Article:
My Lords, while I thank the noble Lord for that Answer, I am sorry to say that I did not hear all of it because of a little disturbance going on opposite, but I should like to congratulate the Government because I understand that they have managed to get quite a lot of support from the EEC fund for a scheme in this country. I hope that will continue. Because of our contribution to the EEC I hope that we shall be able to benefit from whatever we can get from them for this purpose.

My Lords, perhaps I may reply briefly to my noble friend. First, I would apologise to the House for the length of the Answer, but, as I am sure the House will appreciate if your Lordships care to glance at the Question on the Order Paper, it is an extremely long and complicated Question to which I hope I gave a reasonable and satisfactory reply. My noble friend asked about the regional and social fund and I can assure her that the Government and indeed the Community are examining the question of the restructuring of the Community budget so that allocations from the social and regional fund will remain very much in line with our needs, and we hope that the entire budget can be restructured.

My Lords, will the noble Lord bear in mind that the figure of 6 per cent, that he quoted for the United Kingdom covers the most appalling black spots, where unemployment is 20 per cent., and sometimes 30 per cent., as a direct result of the Government's policies? What does he propose to do about it?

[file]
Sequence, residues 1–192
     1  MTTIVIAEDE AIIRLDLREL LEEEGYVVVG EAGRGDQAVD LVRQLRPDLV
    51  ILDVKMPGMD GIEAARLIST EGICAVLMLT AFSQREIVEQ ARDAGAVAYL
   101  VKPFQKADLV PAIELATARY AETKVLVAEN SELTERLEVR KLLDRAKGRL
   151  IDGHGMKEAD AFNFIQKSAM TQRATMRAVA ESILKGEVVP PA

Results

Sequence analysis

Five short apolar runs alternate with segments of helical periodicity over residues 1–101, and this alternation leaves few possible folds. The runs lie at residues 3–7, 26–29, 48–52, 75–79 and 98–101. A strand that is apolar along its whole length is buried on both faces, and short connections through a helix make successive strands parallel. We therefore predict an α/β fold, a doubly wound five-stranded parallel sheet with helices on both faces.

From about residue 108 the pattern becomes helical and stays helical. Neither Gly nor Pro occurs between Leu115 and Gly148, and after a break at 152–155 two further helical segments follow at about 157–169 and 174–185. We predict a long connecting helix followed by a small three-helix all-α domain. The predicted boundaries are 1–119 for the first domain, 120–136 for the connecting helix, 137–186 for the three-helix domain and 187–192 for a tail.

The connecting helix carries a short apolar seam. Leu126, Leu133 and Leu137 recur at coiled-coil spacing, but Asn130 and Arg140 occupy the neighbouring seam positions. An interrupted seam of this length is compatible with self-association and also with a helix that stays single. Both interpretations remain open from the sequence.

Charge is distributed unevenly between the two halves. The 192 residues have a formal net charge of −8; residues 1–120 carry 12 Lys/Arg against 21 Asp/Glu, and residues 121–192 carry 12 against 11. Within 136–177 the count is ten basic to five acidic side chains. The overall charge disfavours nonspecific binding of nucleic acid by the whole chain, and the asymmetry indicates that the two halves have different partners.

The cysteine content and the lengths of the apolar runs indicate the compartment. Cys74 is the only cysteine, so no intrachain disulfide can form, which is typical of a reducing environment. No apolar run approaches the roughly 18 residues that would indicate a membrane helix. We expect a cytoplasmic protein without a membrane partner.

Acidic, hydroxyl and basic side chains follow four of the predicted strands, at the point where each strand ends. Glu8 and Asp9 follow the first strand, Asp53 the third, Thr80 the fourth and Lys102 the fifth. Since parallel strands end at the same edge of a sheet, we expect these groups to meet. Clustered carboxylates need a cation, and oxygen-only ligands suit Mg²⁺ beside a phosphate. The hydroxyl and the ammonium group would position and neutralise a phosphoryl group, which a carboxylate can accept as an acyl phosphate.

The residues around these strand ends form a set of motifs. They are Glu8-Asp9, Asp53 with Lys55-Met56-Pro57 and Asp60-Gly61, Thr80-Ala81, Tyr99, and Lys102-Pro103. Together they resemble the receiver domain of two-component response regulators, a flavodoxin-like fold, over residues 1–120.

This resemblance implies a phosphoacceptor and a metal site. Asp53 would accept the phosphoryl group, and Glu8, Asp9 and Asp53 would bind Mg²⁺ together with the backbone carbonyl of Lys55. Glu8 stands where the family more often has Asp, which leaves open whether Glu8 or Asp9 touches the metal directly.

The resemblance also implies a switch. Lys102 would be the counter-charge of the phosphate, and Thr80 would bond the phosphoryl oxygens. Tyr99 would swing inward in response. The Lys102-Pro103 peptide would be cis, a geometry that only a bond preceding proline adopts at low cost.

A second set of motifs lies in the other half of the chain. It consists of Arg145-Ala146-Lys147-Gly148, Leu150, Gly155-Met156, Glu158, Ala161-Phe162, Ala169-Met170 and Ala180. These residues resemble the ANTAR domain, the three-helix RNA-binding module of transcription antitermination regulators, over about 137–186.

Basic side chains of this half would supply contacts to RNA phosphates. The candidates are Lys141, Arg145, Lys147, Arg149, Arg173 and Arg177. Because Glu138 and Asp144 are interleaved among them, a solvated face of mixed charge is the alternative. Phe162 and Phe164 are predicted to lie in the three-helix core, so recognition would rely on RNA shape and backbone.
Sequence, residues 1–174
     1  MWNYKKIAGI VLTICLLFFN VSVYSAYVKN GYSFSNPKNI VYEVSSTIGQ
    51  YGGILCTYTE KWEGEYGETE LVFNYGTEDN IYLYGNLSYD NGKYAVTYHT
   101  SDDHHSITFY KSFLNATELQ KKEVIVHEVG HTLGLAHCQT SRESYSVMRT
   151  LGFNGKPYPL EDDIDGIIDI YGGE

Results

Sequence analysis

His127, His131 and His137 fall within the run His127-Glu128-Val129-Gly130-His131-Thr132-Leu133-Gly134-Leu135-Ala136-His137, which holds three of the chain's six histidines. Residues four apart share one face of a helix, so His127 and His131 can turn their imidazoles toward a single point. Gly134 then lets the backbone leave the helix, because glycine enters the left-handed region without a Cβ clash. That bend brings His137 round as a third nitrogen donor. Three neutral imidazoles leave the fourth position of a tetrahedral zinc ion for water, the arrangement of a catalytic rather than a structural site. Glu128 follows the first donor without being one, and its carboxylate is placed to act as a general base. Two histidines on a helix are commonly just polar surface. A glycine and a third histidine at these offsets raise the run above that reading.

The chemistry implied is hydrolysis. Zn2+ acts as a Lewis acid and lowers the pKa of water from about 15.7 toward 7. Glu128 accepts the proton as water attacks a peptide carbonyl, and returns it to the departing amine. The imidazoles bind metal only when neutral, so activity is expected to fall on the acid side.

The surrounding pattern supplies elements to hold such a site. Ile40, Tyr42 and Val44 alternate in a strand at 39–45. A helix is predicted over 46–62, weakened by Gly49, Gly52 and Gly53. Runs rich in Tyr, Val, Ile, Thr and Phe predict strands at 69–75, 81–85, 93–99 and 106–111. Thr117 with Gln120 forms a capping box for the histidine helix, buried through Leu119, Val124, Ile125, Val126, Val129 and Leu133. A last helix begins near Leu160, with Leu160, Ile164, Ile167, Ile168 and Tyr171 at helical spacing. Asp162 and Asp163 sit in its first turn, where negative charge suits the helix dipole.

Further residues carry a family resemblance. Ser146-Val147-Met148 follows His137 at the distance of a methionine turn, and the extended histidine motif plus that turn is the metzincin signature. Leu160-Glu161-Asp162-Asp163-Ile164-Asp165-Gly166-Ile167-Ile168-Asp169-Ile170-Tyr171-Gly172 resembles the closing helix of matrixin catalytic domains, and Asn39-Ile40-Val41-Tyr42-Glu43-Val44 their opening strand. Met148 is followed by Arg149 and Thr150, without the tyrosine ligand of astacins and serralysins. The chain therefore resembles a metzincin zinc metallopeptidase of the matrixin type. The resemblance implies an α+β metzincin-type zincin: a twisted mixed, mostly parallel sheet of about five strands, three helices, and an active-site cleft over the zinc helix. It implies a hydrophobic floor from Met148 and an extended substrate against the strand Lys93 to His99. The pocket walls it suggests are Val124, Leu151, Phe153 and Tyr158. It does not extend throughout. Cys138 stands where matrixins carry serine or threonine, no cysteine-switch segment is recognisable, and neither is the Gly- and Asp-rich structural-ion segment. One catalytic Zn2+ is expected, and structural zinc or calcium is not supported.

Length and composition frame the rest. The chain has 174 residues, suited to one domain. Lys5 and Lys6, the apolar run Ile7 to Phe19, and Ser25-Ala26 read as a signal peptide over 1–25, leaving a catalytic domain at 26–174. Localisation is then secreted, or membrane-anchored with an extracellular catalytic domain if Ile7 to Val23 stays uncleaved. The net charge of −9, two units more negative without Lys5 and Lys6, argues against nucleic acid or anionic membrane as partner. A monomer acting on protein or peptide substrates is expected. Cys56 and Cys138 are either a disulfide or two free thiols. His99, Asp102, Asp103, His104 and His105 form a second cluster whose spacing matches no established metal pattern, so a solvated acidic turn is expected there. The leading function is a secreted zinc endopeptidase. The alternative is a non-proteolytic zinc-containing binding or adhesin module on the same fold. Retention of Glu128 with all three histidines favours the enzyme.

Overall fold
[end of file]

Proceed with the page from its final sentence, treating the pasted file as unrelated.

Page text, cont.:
My Lords, that could be another very long answer but I think the Question on the Order Paper refers to the help that can be obtained from the Community and I hope that the noble Lord would not wish me to go into my lengthy Answer again. I can assure the noble Lord that the unemployment rate in the United Kingdom is substantially below that of at least two members of the European Community.

My Lords, is the Minister aware that the crumbs which fall from the EEC table will not touch the serious unemployment that there is in this country, and is he further aware that, when he takes into account short-time working, people who do not register and the total unemployed, it all comes to over 3 million and that that is due entirely to the Government's monetary policy?